Wounded Veterans Compete in the 2011 Warrior Games

Soldiers with traumatic brain injuries, TBI, post-traumatic stress and other combat injuries gathered in Colorado Springs on for the 2nd annual Warrior Games, from May 16 to May 21. The Warrior Games are an Olympic-based sports competition with a range of events including track and field, basketball and marksmanship. The Warrior Games provide a way for veterans from all branches of the military to engage in some friendly competition, but they also serve a deeper purpose: recovery. 198 veterans of Iraq and Afghanistan, many with traumatic brain injuries, participated in the games.

Therapists used to set limits on what veterans with TBI could do because they didn’t want the soldiers to get discouraged, according to Col. Barbara Springer, former chief if physical therapy at Walter Reed Army Medical Center. Now, therapists identify an area of interest to the veteran and help them participate in that activity. Being able to participate gives the veteran confidence and self-esteem.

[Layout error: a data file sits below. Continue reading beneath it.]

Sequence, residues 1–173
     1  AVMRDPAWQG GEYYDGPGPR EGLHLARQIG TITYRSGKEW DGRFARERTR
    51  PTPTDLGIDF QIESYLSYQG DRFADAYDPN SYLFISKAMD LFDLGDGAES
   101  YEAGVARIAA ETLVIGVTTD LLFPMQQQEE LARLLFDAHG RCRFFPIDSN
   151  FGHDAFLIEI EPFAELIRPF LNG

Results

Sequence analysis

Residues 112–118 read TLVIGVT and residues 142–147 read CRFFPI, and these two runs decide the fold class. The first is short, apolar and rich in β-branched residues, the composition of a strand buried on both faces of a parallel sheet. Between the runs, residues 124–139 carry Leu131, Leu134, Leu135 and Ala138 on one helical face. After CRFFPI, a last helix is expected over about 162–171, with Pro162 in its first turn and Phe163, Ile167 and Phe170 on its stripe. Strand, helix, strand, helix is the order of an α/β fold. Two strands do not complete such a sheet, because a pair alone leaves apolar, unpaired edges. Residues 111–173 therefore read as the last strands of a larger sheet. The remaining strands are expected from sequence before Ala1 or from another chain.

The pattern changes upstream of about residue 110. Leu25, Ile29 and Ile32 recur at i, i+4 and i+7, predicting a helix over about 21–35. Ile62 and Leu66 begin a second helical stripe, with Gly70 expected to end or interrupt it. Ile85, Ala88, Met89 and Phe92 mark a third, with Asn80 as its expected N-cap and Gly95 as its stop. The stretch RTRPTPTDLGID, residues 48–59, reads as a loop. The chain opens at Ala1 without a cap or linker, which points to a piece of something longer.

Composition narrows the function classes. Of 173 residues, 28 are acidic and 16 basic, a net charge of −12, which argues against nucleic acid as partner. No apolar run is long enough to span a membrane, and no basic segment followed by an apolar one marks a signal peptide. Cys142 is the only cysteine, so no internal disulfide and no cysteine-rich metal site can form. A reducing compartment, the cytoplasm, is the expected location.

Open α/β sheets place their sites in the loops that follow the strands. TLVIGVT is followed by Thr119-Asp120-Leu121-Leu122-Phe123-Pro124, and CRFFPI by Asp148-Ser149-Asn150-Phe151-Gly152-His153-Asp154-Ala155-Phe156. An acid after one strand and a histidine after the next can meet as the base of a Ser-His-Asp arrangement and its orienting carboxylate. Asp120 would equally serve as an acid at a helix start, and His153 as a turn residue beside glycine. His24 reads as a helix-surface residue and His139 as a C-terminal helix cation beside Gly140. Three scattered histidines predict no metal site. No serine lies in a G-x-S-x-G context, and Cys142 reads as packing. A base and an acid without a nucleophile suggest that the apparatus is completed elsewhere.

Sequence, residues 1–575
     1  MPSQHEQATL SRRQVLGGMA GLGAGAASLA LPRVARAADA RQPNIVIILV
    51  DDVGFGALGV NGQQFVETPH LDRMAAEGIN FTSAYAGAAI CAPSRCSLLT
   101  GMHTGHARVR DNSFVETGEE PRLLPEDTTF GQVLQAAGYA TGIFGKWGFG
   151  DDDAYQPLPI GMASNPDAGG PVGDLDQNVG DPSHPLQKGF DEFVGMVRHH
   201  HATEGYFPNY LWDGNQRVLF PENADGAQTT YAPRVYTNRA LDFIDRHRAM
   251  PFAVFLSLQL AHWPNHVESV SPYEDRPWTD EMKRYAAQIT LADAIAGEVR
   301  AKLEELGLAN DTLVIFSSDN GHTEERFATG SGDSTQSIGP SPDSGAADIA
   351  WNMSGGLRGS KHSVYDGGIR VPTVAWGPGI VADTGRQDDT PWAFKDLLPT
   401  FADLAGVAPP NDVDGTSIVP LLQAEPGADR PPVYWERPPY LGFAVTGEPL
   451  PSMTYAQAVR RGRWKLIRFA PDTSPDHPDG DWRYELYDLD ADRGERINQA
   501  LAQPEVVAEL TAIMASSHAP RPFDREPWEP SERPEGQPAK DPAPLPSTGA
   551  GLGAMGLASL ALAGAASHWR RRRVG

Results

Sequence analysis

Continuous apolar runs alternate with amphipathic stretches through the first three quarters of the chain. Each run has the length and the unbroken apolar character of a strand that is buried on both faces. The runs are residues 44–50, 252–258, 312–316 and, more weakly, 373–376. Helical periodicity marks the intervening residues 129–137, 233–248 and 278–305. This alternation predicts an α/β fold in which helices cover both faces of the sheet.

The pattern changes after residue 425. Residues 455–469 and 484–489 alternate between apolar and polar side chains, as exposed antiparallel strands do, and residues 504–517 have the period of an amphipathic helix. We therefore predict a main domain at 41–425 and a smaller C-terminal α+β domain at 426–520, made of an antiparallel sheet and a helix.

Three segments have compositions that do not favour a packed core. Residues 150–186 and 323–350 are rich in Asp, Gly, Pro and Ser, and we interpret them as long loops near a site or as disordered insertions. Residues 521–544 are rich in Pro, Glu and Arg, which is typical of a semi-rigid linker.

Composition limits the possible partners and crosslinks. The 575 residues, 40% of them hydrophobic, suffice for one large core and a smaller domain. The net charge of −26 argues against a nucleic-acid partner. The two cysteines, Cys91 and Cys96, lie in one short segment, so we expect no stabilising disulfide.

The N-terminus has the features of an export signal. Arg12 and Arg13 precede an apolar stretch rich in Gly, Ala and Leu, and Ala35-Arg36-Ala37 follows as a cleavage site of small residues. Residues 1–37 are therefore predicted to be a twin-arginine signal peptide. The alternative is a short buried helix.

For many wounded veterans, participation in the Warrior games is a life-changing experience. Ashley Chavez , 25, of Ohio, suffered a TBI and post-traumatic stress when her supply convoy was hit by an IED outside Baghdad in 2006. “This has changed my life both mentally and physically,” Chavez stated. “I know now that I can do anything. There may be stuff that I can’t do perfectly, but it doesn’t mean I can’t do it.”

If you or someone you know has suffered a TBI, a brain injury attorney can provide guidance.

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